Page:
Have you thought about adopting a local college?

I don’t mean sticking your name on one as with a football bowl game — you wouldn’t want to see something like First National Bank’s Schmidlap City Community College — but creating partnerships that could help you and the school.

For instance:

• Arranging bank visits by finance or economics classes. The students could learn things they most likely couldn’t learn in textbooks or in the classroom — and get a break from the classroom in the bargain — and you could see both your work and your workplace from a different perspective.

• Arranging visits for finance professors and lecturers. This would have the same types of mutual benefits.

• Offering summer or in-semester internships. Students could get real-world professional experience and you could put the student-employees on tasks that your regular staff has too little time to handle. You could also get a good look at someone who could go on to become a full-time employee, and you would already have a working relationship.

• Developing seminars on topics such as investments, the economy, and personal finance that the school could add to its outreach program.

• Holding seminars for the community featuring professors chosen by the students as the best speakers — on any range of topics — that the school has to offer. This is a great way for the college to showcase itself and for the bank to generate goodwill and publicity.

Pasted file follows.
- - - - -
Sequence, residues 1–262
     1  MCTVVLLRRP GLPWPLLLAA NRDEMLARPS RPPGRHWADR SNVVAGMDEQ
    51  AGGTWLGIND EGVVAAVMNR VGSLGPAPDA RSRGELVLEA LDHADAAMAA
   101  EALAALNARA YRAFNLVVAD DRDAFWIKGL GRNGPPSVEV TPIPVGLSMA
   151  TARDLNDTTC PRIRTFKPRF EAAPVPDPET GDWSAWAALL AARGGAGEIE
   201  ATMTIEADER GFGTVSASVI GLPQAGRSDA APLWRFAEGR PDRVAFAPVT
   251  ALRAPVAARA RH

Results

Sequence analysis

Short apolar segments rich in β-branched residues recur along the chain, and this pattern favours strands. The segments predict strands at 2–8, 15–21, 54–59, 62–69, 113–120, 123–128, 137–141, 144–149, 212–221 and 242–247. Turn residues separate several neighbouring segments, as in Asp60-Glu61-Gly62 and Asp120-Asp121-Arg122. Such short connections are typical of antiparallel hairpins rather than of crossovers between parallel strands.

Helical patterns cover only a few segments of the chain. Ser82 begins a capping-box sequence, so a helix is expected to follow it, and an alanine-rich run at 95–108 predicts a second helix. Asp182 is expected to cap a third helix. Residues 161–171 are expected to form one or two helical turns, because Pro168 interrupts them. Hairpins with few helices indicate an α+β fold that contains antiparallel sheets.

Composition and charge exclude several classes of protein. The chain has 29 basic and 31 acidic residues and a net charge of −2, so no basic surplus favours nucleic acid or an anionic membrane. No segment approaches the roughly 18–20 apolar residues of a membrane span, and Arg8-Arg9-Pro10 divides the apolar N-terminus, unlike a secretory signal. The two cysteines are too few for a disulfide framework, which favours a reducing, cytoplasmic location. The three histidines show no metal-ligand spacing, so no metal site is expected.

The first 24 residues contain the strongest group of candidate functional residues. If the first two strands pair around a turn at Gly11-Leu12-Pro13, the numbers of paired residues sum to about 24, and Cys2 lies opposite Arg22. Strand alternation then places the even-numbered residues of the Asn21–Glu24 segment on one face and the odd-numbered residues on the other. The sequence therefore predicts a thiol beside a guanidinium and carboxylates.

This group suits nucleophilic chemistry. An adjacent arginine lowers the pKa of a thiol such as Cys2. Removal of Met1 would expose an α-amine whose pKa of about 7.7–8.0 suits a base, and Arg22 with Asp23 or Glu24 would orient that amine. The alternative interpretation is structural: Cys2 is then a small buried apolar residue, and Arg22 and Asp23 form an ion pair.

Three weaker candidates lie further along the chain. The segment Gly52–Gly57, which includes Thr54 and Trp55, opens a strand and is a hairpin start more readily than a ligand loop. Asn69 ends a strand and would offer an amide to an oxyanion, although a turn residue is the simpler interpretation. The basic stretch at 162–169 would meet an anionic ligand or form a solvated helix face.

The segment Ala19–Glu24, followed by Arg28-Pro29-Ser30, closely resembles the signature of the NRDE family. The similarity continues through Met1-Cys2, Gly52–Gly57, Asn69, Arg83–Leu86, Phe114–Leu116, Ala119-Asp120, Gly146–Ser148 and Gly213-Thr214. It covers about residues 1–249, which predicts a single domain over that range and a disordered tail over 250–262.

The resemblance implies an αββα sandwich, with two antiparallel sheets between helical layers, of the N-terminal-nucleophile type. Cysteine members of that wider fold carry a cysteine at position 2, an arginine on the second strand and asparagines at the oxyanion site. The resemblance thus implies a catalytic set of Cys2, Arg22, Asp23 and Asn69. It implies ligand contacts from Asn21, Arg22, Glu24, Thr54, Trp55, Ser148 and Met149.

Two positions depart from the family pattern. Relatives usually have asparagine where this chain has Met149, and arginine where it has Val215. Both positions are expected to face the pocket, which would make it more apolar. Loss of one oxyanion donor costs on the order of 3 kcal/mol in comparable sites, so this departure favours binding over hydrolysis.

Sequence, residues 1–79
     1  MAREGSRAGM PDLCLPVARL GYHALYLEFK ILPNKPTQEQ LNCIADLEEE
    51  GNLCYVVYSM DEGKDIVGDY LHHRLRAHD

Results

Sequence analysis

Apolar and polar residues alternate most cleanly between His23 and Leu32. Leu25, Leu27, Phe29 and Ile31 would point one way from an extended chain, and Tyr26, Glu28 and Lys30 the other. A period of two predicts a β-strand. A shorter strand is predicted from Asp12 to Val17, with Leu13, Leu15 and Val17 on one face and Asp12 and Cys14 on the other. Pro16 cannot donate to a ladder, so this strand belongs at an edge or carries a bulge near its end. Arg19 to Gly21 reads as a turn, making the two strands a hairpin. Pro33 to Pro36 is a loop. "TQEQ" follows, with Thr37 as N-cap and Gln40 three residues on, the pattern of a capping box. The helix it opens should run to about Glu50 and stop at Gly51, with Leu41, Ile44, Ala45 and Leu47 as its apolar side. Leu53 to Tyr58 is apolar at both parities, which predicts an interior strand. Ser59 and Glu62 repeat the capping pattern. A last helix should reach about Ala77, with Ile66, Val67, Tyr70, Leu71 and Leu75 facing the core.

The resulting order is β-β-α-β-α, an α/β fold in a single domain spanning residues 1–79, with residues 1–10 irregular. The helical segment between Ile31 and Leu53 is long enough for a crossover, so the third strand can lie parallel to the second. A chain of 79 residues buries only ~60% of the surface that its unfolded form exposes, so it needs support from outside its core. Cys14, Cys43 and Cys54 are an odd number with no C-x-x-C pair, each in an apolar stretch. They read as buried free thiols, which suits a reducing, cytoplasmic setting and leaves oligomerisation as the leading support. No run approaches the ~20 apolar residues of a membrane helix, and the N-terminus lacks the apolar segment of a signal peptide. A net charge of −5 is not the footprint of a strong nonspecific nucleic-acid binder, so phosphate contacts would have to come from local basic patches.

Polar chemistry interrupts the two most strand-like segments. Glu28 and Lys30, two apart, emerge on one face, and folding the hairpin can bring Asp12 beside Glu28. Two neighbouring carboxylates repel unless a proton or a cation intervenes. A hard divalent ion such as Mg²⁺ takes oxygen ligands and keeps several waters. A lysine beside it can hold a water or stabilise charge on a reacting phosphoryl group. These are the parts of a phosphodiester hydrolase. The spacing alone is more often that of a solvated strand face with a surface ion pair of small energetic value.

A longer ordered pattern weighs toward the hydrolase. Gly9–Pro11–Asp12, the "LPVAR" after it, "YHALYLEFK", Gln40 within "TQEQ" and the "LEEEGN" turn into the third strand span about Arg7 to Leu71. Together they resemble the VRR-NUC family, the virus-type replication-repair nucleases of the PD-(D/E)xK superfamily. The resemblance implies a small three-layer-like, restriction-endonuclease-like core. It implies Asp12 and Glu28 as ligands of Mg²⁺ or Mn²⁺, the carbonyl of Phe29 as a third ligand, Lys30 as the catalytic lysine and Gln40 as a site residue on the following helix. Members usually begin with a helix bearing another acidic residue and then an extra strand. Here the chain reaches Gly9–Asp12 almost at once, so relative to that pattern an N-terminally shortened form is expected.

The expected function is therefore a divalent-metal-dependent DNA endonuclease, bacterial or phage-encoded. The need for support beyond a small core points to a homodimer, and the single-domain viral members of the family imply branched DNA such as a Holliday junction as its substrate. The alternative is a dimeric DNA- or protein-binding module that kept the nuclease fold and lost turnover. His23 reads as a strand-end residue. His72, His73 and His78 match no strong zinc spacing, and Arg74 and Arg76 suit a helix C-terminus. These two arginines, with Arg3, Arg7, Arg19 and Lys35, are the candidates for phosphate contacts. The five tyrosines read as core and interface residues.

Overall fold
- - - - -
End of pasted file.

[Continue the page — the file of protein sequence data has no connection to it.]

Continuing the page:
• Setting up an annual dinner for the top students and their teachers. Too many schools make a big deal out of honoring athletic achievement; why not recognize academic achievement just as conspicuously?

• Establishing a scholarship to be awarded once a year, possibly — but not necessarily — to someone majoring in finance.

I think you’d have a hard time finding a college that would turn down such programs, but you should be warned that the school would probably be unwilling to give you an exclusive franchise.

And you should be warned that such a relationship can go too far. I had a friend who worked at a bank in a community where he also was a pro bono treasurer for a college that was in deep trouble financially. He would write payroll checks as the school’s treasurer and then, wearing his school-banker hat, bounce them.

But that’s a worst-case situation. Adopting a college is generally win-win for the school and bank alike.

Mr. Nadler, an American Banker contributing editor, is a professor of finance at Rutgers University Graduate School of Management in Newark, N.J.

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